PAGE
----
Install OpenCV-Python with FFMPEG to Anaconda

I have summarized my now fully working solution OpenCV-Python – How to install OpenCV-Python package to Anaconda (Windows). Nevertheless I’ve

To use OpenCV fully with Anaconda (and Spyder IDE), we need to:

  1. Download the OpenCV package from the official OpenCV site
  2. Copy and paste the cv2.pyd to the Anaconda site-packages directory.
  3. Set user environmental variables so that Anaconda knows where to find the FFMPEG utility.
  4. Do some testing to confirm OpenCV and FFMPEG are now working.


Install Anaconda

Anaconda is essentially a nicely packaged Python IDE that is shipped with tons of useful packages, such as NumPy, Pandas, IPython Notebook, etc. It seems to be recommended everywhere in the scientific community. Check out Anaconda to get it installed.

Install OpenCV-Python to Anaconda

Cautious Note: I originally tried out installing the opencv package, as suggested. That method however does not include the FFMPEG codec – i.e. you may be able to use OpenCV but you won’t be able to process videos.

The following instruction works for me is inspired by this OpenCV YouTube video. So far I have got it working on both my Desktop and Laptop. Both 64-bit machines and Windows 8.1.

Download OpenCV Package

Firstly, go to the official OpenCV site to download the complete OpenCV package. Pick a version you like (2.x or 3.x). I am on Python 2.x and OpenCV 3.x – mainly because this is how the OpenCV-Python Tutorials are setup/based on.

In my case, I’ve extracted the package (essentially a folder) straight to my C drive. (C:\opencv).

Copy and Paste the cv2.pyd file

The Anaconda Site-packages directory (e.g. C:\Users\Johnny\Anaconda\Lib\site-packages in my case) contains the Python packages that you may import. Our goal is to copy and paste the cv2.pyd file to this directory (so that we can use the import cv2 in our Python codes.).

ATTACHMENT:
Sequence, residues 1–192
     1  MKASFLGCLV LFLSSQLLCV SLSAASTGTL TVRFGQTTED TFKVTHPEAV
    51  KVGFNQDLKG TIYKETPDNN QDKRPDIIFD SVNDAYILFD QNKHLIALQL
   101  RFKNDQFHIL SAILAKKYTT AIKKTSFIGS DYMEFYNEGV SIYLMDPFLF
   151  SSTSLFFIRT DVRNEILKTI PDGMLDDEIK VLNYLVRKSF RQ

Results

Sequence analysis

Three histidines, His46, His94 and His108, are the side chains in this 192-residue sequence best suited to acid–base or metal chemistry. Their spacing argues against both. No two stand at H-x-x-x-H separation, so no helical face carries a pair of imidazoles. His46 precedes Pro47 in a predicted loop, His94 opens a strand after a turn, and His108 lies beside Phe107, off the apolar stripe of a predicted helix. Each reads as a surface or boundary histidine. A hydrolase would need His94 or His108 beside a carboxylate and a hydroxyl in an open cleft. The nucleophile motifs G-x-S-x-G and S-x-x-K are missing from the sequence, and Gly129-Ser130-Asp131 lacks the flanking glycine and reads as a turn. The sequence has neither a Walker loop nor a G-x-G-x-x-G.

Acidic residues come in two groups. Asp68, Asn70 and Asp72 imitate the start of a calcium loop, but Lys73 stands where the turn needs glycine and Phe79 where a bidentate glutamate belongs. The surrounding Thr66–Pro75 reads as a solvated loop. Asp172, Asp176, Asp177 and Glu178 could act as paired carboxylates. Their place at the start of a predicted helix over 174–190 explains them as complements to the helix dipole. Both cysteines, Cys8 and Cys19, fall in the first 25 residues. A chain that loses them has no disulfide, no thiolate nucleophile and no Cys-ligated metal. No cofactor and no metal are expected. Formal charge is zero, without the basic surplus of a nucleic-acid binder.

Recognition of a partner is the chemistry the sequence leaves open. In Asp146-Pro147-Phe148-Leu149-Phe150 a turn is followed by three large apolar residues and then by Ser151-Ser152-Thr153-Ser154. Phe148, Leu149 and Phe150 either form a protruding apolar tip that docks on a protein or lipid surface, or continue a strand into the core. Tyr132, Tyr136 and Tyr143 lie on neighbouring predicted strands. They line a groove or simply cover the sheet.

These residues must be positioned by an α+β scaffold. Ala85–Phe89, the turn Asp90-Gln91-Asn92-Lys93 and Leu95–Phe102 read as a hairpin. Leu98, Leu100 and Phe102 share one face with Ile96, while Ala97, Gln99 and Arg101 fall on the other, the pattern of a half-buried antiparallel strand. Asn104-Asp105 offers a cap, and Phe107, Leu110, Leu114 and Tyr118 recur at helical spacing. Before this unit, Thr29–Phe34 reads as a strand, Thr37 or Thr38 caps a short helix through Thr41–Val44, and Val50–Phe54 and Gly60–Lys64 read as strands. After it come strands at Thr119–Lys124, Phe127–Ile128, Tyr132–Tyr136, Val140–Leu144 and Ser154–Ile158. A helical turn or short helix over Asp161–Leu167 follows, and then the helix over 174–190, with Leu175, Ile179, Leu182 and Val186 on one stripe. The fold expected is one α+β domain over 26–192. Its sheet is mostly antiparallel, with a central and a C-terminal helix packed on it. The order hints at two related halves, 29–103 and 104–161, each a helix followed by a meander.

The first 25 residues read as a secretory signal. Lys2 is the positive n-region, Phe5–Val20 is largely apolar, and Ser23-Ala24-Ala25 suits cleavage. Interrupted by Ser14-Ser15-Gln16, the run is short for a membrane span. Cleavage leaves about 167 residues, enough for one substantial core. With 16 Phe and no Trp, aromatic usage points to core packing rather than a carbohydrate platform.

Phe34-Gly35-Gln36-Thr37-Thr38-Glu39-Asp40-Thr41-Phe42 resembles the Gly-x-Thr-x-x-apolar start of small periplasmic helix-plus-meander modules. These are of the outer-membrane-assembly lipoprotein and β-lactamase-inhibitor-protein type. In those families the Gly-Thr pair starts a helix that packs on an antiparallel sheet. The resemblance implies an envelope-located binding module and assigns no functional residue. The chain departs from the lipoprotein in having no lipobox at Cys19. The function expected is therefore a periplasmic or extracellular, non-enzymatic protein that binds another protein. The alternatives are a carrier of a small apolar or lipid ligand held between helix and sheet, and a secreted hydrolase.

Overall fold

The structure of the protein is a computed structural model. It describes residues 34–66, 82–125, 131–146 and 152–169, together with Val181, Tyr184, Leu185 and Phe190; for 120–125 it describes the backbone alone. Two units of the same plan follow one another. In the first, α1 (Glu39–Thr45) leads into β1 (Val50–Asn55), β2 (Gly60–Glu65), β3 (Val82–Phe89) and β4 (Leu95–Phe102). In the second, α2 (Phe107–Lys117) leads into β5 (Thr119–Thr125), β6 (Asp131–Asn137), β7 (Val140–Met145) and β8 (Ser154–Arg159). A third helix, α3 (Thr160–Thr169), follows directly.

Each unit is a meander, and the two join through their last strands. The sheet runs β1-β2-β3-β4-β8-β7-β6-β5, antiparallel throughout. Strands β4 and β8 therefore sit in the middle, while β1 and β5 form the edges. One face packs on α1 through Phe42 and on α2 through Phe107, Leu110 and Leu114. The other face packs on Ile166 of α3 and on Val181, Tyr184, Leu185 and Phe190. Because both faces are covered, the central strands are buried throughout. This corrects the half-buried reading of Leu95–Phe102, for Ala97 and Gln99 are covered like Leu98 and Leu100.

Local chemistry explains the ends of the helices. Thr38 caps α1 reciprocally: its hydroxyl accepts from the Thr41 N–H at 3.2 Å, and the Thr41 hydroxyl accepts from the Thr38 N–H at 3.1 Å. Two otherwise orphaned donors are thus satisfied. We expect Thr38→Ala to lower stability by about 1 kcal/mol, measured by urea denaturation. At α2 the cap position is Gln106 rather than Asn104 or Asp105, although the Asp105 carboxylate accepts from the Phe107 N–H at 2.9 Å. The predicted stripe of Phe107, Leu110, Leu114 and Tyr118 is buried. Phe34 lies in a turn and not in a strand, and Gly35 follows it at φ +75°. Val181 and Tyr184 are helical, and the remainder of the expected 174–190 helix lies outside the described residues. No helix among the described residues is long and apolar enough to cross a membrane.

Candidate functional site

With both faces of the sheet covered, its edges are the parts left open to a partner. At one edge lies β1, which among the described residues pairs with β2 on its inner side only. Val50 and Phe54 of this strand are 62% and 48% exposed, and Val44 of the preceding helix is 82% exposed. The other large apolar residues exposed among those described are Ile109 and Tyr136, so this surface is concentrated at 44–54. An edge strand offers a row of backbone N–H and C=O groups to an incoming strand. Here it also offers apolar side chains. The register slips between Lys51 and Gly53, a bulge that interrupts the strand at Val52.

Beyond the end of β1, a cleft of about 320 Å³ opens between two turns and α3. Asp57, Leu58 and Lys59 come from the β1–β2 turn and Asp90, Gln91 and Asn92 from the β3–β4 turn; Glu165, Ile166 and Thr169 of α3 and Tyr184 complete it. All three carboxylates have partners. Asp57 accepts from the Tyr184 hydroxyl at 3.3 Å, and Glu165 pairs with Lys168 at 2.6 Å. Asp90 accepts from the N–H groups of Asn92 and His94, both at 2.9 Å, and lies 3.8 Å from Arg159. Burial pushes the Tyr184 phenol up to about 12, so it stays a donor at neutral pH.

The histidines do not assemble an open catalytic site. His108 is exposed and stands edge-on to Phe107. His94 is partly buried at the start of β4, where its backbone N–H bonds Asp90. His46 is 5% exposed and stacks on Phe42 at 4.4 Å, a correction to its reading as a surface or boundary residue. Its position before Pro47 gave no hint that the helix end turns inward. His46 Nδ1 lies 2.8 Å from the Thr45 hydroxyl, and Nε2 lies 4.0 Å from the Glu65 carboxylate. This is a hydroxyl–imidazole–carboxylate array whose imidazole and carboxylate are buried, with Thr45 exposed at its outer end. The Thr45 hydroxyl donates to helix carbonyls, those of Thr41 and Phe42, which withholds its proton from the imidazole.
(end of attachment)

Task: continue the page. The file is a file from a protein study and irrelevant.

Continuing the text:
To do this, copy the cv2.pyd file…

From this OpenCV directory (the beginning part might be slightly different on your machine):

# Python 2.7 and 32-bit machine: 

# Python 2.7 and 64-bit machine: 

To this Anaconda directory (the beginning part might be slightly different on your machine):


After performing this step we shall now be able to use import cv2 in Python code. BUT, we still need to do a little bit more work to get FFMPEG (video codec) to work (to enable us to do things like processing videos.)

Set Enviromental Variables

Right-click on “My Computer” (or “This PC” on Windows 8.1) -> left-click Properties -> left-click “Advanced” tab -> left-click “Environment Variables…” button.

Add a new User Variable to point to the OpenCV (either x86 for 32-bit system or x64 for 64-bit system.) I am currently on a 64-bit machine.

| 32-bit or 64 bit machine? | Variable     | Value                                |
| 32-bit                    | `OPENCV_DIR` | `C:\opencv\build\x86\vc12`           |
| 64-bit                    | `OPENCV_DIR` | `C:\opencv\build\x64\vc12`           |

Append %OPENCV_DIR%\bin to the User Variable PATH.

For example, my PATH user variable looks like this…





This is it we are done! FFMPEG is ready to be used!

Test to confirm

We need to test whether we can now do these in Anaconda (via Spyder IDE):

  • Import OpenCV package
  • Use the FFMPEG utility (to read/write/process videos)
Test 1: Can we import OpenCV?

To confrim that Anaconda is now able to import the OpenCV-Python package (namely, cv2), issue these in the IPython Console:

import cv2
print cv2.__version__

If the package cv2 is imported ok with no errors, and the cv2 version is printed out, then we are all good! Here is a snapshot:


Test 2: Can we Use the FFMPEG codec?

Place a sample input_video.mp4 video file in a directory. We want to test whether we can:

  • read this .mp4 video file, and
  • write out a new video file (can be .avi or .mp4 etc.)

To do this we need to have a test python code, call it Place it in the same directory as the sample input_video.mp4 file.

This is what may look like (I’ve listed out both newer and older version codes here – do let us know which one works / not work for you!):

(Newer verison…)

import cv2
cap = cv2.VideoCapture("input_video.mp4")
print cap.isOpened()   # True = read video successfully. False - fail to read video.

fourcc = cv2.VideoWriter_fourcc(*'XVID')
out = cv2.VideoWriter("output_video.avi", fourcc, 20.0, (640, 360))
print out.isOpened()  # True = write out video successfully. False - fail to write out video.


(or the older version…)

import cv2
print cv2.isOpened()   # True = read video successfully. False - fail to read video.

fourcc =*'XVID')
out = cv2.VideoWriter("output_video.avi",fourcc, 20.0, (640,360))
print out.isOpened()  # True = write out video successfully. False - fail to write out video.


This test is VERY IMPORTANT. If you’d like to process video files, you’d need to ensure that Anaconda / Spyder IDE can use the FFMPEG (video codec). It took me days to have got it working. But I hope it would take you much less time! 🙂